Wiping out the deduction for state and local taxes could reap more than $1 trillion in the coming decade, but cost some taxpayers thousands of dollars per year.

By Aaron Lorenzo , Jimmy Vielkind , Laura Nahmias , Katherine Landergan and David Siders

05/26/2017 04:48 PM EDT

Elected leaders from both parties are mounting a fight against one likely provision in President Donald Trump’s tax-overhaul plan — the elimination of the 104-year-old deduction for state and local taxes.

Wiping out the prized deduction could reap more than $1 trillion for the federal treasury during the next decade, while furthering Trump’s goal of eliminating “targeted” breaks and simplifying the tax code. But it would burden residents in cities and states that have high property or income tax rates, some of whom could end up paying thousands of extra dollars per year.

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The one-page tax plan that the White House released in April doesn’t explicitly call for eliminating the deduction, but Trump’s top economic advisers say it’s on the chopping block. So local and state officials from California to Maine are girding for battle, along with many of their House members and senators. The backlash transcends party lines, a rare occurrence so far in the national tax reform debate.

“I don’t think that will go anywhere,” Republican House Appropriations Chairman Rodney Frelinghuysen said during a telephone town hall in his district in New Jersey, the state with the nation’s highest property taxes. “You’ll find most members of Congress in the Northeast, the high property tax states, will continue to support that deduction.”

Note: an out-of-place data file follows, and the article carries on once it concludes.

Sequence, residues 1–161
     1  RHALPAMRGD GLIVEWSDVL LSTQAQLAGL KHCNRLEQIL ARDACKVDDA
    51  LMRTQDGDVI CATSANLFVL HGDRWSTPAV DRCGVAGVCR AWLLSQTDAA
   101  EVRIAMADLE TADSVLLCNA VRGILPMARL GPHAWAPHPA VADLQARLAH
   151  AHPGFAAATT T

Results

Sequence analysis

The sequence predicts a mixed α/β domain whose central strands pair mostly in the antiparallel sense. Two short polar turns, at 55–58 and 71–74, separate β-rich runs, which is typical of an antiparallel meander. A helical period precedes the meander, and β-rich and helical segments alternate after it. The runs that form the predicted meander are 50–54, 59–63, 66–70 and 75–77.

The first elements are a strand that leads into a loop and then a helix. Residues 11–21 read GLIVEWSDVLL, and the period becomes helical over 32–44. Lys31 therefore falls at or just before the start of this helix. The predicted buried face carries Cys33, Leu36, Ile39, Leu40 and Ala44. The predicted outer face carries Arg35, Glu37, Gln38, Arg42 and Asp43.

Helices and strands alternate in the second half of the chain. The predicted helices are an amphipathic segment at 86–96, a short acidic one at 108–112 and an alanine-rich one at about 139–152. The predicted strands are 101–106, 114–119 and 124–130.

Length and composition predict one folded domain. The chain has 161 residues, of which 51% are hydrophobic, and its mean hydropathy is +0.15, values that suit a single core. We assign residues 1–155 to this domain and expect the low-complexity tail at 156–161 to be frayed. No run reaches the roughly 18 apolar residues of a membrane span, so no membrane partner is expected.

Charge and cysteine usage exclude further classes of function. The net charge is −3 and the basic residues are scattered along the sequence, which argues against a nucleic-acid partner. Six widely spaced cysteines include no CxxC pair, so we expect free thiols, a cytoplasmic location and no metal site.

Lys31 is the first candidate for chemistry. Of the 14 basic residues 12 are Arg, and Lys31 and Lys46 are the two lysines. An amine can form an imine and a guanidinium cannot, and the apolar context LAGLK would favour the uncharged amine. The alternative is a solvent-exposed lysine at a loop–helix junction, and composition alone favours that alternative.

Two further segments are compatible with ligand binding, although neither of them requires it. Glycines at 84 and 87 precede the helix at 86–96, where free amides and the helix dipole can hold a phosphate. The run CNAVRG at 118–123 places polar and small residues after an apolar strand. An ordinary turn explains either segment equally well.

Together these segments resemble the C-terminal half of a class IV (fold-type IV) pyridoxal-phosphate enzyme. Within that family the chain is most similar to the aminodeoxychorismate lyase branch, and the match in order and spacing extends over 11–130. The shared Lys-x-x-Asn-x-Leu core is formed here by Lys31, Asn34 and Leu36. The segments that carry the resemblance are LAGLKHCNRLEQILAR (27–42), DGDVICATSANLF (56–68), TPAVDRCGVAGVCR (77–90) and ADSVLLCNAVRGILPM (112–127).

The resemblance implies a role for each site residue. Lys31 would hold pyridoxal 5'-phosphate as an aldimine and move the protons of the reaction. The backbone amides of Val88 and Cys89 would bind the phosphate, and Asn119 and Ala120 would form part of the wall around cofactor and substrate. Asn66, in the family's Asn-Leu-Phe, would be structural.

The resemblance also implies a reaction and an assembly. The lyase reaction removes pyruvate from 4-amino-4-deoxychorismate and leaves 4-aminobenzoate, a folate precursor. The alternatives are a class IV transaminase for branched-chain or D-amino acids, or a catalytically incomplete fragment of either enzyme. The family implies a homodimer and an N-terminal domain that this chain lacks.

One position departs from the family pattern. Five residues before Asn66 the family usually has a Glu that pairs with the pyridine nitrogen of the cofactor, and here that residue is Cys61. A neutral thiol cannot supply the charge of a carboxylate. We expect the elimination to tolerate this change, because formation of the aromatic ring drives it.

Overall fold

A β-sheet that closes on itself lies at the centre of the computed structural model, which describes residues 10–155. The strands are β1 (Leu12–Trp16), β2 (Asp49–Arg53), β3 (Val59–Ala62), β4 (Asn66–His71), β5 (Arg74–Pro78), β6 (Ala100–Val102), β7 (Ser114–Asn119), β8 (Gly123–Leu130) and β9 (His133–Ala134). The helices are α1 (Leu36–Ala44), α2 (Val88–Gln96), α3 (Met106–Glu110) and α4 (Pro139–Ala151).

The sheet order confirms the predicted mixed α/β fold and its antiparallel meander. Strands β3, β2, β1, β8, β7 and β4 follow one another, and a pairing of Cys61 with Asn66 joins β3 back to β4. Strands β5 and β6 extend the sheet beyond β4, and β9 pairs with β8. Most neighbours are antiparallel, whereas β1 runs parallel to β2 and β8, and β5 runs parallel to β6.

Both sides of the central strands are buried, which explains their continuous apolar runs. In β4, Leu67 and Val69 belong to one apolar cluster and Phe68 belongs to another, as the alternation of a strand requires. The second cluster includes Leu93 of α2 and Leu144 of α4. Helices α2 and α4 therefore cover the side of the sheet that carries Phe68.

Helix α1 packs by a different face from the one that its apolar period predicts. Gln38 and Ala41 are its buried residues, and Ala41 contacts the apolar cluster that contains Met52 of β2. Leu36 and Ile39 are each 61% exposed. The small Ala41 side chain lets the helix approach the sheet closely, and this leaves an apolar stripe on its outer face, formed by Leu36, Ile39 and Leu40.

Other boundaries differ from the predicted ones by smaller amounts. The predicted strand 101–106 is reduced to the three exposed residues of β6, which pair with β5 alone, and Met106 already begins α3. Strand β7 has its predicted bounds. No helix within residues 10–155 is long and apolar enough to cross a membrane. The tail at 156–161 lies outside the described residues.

But the Trump administration seems determined.

“We don’t think it's the federal government’s job to be subsidizing states,” Treasury Secretary Steven Mnuchin said at a recent economic conference. “Some states have zero income taxes, some have high income taxes. ... For people like me who live in California, you’re going to be stuck with higher taxes that you can’t deduct.”

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Lawmakers who oppose the tax break have tried and failed to abolish it before, notably in 1986 when the effort threatened to upend that year's entire tax reform initiative, the last major overhaul on the books.

Many Democratic state and local officials believe Trump has painted a bull's-eye on their backs because of their largely blue locales. Beyond raising their constituents' tax bills, local officials fear that ending the deduction would put pressure on them to slice taxes or cut services.

New York Gov. Andrew Cuomo has called the proposal a “direct attack” by the federal government that would hit blue states harder than others.

“It is not an economic policy, it is political vindictiveness,” Cuomo wrote in the New York Daily News in

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Lieberman withdraws from FBI director search

Joe Lieberman is pictured. | AP Photo

White House aides indicated last week that Joe Lieberman was the leading contender for the FBI slot, in part because he was expected to have bipartisan appeal.

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Clinton launches new campaign against Trump